"Careful of his shoulder---"

Afsan howled in pain.

"Sorry. He's pretty heavy."

Afsan felt his head being pulled out of the thickening puddle of blood. He was lifted up and placed facedown in the back of the chariot.

"What about his lizard?" said the charioteer.

"I'll take him," said the youngster who had first identified Afsan. "I know where the palace surgery is."

The charioteer shouted, "Latark!" His hornface began to gallop along the road, Afsan's head bouncing up and down, the sound of metal wheels over the stones drowning out his moans.

After an eternity, the chariot arrived outside Dar-Mondark's surgery, a typical adobe building just south of the palace. Afsan could hear the charioteer disembark and the sound of his fingerclaws clicking against the signaling plate set into the doorjamb. The door swung open on squeaky hinges, and Afsan heard Mondark's voice. "Yes?"

"I'm Gar-Reestee," said the charioteer. "I've got Sal-Afsan with me. He's hurt."

Afsan heard Mondark's heavy footfalls as the healer hurried to the chariot. "God," he said. "How did this happen?"

"He tripped and fell into the roadway. My hornface kicked him in the head before I could stop my chariot."

"Those are massive wounds." Mondark leaned closer, his voice reassuring. "Afsan, you're going to be all right."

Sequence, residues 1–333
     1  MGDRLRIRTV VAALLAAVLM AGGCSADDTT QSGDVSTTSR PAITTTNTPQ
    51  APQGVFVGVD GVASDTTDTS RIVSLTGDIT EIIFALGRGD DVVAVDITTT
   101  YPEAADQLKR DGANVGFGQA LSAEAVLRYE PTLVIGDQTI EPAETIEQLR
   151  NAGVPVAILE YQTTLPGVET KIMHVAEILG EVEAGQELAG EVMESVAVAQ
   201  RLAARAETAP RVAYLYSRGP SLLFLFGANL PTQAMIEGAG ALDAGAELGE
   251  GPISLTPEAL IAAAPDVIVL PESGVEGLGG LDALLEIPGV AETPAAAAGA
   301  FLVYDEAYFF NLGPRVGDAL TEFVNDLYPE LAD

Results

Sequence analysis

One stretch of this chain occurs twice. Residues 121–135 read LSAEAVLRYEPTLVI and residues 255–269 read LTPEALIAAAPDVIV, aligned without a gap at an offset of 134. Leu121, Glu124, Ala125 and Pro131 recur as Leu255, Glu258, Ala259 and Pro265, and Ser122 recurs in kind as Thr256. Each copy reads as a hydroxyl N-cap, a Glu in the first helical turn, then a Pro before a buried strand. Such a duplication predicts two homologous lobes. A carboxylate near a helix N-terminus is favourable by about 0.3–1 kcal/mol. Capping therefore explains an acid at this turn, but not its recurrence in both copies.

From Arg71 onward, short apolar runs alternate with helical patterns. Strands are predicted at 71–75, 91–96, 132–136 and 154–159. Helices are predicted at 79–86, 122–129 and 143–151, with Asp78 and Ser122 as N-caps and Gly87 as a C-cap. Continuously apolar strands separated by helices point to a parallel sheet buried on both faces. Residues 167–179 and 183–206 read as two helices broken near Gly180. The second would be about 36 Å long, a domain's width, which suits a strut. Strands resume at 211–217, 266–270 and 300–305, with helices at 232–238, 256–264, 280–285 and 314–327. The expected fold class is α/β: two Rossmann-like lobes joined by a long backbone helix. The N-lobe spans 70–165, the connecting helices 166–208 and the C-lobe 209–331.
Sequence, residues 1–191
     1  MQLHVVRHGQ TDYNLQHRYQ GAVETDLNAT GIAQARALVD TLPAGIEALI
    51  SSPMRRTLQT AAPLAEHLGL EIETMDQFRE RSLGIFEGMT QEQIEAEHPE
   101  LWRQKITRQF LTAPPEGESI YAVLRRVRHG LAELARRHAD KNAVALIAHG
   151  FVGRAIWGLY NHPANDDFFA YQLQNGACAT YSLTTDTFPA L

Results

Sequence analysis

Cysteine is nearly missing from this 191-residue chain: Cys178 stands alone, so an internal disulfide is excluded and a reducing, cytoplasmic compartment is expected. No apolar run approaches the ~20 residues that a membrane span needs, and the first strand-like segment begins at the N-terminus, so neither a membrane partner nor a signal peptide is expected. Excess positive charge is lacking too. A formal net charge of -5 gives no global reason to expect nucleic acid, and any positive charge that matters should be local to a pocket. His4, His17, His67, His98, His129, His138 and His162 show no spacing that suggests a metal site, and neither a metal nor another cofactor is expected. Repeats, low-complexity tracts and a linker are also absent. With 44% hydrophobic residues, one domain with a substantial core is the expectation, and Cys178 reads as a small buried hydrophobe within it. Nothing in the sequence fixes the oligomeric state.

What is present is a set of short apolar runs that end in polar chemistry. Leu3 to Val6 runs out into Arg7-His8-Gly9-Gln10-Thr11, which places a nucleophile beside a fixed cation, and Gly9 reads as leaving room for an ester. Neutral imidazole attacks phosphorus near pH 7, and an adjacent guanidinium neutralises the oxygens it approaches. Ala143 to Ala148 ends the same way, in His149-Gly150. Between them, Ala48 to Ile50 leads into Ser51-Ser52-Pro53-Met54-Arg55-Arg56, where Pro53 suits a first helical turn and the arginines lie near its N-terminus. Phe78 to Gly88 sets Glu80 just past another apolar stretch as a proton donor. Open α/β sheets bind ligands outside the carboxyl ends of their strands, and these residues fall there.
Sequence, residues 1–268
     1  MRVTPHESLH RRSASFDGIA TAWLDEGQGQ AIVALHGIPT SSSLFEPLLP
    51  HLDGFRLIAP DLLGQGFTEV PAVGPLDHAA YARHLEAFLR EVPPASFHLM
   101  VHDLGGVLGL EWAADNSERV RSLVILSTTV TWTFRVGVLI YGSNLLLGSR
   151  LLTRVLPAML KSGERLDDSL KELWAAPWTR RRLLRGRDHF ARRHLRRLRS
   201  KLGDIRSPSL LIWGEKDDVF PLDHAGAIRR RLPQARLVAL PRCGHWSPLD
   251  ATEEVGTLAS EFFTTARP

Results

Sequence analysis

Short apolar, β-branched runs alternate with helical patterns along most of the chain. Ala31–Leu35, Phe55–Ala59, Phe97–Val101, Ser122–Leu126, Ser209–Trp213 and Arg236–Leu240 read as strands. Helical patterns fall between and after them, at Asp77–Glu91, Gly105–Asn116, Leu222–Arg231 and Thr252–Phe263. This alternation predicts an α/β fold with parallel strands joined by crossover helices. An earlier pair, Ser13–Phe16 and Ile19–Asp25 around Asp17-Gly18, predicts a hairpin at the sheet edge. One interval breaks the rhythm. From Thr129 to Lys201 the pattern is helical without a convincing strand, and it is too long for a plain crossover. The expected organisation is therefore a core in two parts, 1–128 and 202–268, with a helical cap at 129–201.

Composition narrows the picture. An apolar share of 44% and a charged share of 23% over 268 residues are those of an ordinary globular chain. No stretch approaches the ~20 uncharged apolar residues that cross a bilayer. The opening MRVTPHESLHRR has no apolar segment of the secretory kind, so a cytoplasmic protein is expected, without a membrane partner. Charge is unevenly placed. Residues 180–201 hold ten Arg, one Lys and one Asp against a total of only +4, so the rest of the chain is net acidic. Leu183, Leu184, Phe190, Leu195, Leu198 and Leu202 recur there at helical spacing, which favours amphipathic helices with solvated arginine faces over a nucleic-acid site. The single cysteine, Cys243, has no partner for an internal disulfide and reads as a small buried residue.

The charioteer's voice, incredulous: "Healer, your muzzle---"

"Shush," said Mondark. "Help me bring him inside. Afsan, we're going to pick you up."

Once again, Afsan was carried. He felt cold in the side of his head. After several moments, he was placed face down on a marble tabletop. Mondark had treated Afsan kilodays ago on a similar table after Afsan had plummeted to the ground from the top of a thunderbeast's neck. The surgery chamber, Afsan knew, was heated by a cast-iron stove burning coal. He also knew that the roof above the table was made largely of glass, letting in outside light, illuminating the patient.

"Thank you, Gar-Reestee, for bringing Afsan in," said Mondark. "I will do everything I can for him, but you must leave. The physical contact for treating his injuries is something you shouldn't see."

The charioteer's voice was full of sorrow. "Good Sal-Afsan, I'm terribly sorry. It was an accident."

Afsan tried to nod, but daggers of pain stabbed through his muzzle.

The charioteer left. Mondark went to work.

"Land ho!"

Captain Var-Keenir stopped pacing the deck of the sailing ship Dasheter and tipped his muzzle up to the lookout bucket, high atop the foremast. Old Biltog was up there, his red leather cap and the green skin of his head and shoulders stark against the purple sky. Keenir's tail swished in sadness. He'd seen it happen before on long voyages, and lookout officers, who spent inordinate amounts of time in the sun, were particularly susceptible to it. Biltog was hallucinating. Why, Land---the single known continent---was half a world away.